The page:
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New California study concludes that thimerosal seems not to be the major cause for autism



Autism is a neurological disorder that affects learning and social interaction ability in children. Because mercury is a very potent neuro toxin, it came into the focus of toxicologists as a possible cause for autism. Since the mercury compound thimerosal (also known as thiomersal) has been used as a preservative in vaccines, it has been speculated that vaccines containing the chemical somehow could play a role in autism.

The new study:

The study period in question lasted from 1995 to 2007. It concludes that removing thimerosal from recommended infants vaccines as a precautionary measure in March 2001 had no effect on reducing the number of children suffering from autism.

"If thimerosal exposure is a primary cause of autism, then the prevalence of autism would be predicted to decrease, as young children's exposure to thimerosal has sharply decreased to its lowest levels in decades," said lead author Robert Schechter, a medical officer with the California Department of Health Services.

Ideally if there was a link between autism and thimerosal, then autism rates should have declined after 2001. That has unfortunately not happened. There were 0.6 autism cases per 1,000 live births in 1995. This number jumped to 4.1 cases per 1,000 live births in 2007.

Last year, the Centers for Disease Control and Prevention estimated that at least 1 in 150 children continued to suffer from autism in the United States. Number wise 300,000 children aged 4 to 17 had the disorder in 2004.

“You cannot use this data to rule out thimerosal as a factor. What you can say is there may be -- and probably are -- other environmental triggers that play a role. It is probable that exposure to these other factors may be increasing,” said Sally Bernard, co-founder and executive director of SafeMinds, an organization that advocates “sensible action for ending mercury-induced neurological disorders.”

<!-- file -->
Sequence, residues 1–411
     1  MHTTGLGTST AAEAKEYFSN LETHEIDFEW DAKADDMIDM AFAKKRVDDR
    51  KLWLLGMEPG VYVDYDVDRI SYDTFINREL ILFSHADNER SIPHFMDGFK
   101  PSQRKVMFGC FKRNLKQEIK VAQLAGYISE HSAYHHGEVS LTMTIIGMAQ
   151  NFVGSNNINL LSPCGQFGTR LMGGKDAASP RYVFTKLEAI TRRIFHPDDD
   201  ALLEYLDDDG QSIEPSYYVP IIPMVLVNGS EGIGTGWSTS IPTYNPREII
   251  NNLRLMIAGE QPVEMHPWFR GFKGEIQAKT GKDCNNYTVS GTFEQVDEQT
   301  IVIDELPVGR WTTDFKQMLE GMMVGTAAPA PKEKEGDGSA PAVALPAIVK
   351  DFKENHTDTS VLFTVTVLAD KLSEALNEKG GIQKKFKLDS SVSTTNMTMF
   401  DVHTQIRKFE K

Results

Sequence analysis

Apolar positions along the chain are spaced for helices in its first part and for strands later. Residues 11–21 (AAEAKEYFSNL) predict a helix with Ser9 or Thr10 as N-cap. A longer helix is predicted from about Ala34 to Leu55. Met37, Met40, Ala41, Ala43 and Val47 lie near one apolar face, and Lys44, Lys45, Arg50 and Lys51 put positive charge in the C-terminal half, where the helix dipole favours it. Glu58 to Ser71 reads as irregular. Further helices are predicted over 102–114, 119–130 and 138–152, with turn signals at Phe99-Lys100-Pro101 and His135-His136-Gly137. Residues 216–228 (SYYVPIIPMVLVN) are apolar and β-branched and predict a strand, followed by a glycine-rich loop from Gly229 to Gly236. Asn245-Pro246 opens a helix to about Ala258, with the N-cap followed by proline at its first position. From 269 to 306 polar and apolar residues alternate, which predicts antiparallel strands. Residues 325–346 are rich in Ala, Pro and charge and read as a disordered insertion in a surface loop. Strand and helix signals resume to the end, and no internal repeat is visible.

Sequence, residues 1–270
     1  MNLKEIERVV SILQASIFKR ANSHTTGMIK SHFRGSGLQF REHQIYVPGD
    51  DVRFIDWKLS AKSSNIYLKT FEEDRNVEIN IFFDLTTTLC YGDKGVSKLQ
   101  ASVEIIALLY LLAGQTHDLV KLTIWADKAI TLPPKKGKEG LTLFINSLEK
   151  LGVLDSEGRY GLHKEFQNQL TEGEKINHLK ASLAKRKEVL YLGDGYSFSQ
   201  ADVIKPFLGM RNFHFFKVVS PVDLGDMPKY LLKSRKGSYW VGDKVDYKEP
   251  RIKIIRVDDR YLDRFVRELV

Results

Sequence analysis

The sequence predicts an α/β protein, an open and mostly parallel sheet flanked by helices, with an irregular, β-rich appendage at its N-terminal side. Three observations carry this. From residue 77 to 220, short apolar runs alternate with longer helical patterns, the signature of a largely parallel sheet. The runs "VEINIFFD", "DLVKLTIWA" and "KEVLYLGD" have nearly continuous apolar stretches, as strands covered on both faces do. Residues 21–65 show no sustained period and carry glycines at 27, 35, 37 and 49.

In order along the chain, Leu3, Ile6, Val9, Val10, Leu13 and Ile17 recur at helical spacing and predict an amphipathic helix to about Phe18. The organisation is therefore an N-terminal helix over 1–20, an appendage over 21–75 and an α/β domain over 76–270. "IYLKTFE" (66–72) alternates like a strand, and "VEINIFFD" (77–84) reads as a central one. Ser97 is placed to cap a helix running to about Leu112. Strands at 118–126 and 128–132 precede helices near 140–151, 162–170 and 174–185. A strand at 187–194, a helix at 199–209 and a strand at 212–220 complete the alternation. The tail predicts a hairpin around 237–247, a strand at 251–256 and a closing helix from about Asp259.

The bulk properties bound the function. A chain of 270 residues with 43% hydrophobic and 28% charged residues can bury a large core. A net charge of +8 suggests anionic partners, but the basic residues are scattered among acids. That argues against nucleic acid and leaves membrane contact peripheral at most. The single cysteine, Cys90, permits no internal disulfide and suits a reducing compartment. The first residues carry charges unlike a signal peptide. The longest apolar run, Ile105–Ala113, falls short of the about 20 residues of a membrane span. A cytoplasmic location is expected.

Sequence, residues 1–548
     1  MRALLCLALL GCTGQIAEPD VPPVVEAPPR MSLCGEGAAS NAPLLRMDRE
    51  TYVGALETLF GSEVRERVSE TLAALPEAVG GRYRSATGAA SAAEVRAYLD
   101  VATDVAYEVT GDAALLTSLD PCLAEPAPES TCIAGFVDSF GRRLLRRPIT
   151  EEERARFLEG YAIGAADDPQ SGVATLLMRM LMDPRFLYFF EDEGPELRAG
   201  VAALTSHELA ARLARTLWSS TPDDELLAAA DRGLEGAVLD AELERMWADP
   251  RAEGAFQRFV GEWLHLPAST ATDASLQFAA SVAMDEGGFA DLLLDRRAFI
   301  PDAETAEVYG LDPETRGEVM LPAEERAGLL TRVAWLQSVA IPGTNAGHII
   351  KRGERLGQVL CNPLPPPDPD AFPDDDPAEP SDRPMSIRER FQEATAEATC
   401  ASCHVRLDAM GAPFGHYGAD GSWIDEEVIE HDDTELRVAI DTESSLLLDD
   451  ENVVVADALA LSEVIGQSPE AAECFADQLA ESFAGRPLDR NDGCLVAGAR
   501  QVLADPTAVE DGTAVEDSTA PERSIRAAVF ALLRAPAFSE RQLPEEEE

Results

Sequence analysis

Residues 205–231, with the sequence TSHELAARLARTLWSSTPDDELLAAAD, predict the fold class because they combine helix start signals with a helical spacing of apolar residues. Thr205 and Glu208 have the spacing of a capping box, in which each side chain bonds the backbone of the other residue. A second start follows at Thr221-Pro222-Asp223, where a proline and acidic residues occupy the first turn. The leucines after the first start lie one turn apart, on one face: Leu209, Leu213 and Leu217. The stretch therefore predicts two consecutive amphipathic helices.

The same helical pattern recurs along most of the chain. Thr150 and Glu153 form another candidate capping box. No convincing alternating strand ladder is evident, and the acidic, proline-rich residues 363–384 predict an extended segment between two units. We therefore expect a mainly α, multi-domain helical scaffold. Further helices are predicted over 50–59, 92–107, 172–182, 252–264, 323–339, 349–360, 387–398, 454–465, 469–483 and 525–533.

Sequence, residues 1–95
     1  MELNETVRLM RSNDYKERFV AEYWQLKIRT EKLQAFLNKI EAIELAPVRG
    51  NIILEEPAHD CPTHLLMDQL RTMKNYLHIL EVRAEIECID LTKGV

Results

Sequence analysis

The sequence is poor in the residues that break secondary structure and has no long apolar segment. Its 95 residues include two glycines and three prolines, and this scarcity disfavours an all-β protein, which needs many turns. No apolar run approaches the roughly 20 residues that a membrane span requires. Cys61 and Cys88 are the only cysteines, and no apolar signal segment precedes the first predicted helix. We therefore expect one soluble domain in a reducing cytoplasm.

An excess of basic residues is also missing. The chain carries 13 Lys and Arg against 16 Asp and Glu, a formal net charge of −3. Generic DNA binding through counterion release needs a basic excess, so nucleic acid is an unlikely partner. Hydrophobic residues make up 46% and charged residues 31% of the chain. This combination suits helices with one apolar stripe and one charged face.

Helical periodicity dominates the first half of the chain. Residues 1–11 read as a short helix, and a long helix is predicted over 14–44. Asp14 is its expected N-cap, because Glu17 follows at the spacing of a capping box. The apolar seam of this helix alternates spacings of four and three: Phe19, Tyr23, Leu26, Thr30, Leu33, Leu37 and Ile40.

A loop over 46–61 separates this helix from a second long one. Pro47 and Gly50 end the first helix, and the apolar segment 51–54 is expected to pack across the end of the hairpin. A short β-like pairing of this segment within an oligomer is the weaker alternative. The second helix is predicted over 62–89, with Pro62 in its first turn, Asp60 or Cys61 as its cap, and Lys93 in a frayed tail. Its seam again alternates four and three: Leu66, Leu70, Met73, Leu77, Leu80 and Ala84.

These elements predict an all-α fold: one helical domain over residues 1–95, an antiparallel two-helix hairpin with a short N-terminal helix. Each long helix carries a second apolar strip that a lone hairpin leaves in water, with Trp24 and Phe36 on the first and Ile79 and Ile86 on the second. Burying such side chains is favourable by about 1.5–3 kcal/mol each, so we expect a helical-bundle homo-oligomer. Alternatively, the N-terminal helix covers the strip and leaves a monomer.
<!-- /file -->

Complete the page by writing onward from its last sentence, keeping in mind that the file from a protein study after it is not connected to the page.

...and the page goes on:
Unfotunately, again this study fails to be fully convincing because of some limitations:

Epidemiological studies done by people who are part of the immunization program have a major credibility problem.

The Study of California Department of Public Health for example claims that "some" flu shots still contain thimerosal. Actually, out of 132 million doses of flu vaccine for the 2007-08 flu season, 8 million doses are thimerosal free. That means 94% contain the full amount of thimerosal. Stating that "some" contain thimerosal is a very deceptive statement at best.

Critics will say that California has banned thimerosal containing flu shots for pregnant women and infants. This ban took effect in 2006. However, the ban was lifted last year because of shortage of thimerosal free shots. If a pregnant woman got a flu shot in 2001 and her child followed the flu shot recommendations, the baby/fetus would have received six flu shots with the full amount of thimerosal by the year 2005. This hardly represents the claim that no thimerosal containing vaccines were given after 2001.

Vaccines with "trace" amounts of thimerosal are supposed to contain less than 1 microgram of mercury per 0.5 ml dose. This is equal to a concentration of 2000 micrograms per liter and would be classified by EPA as hazardous waste.

For the toxicologists mercury is a neurotoxin which depending on the mercury form (species) being present has a wide range of toxicological effects, including neurodevelopment disorders such as autism. Organomercury compounds, such as Thimerosal, are very toxic mercury compounds. Before somebody declares thimerosal containing vaccines safe, he should have a good explanation for such statement, considering the following facts: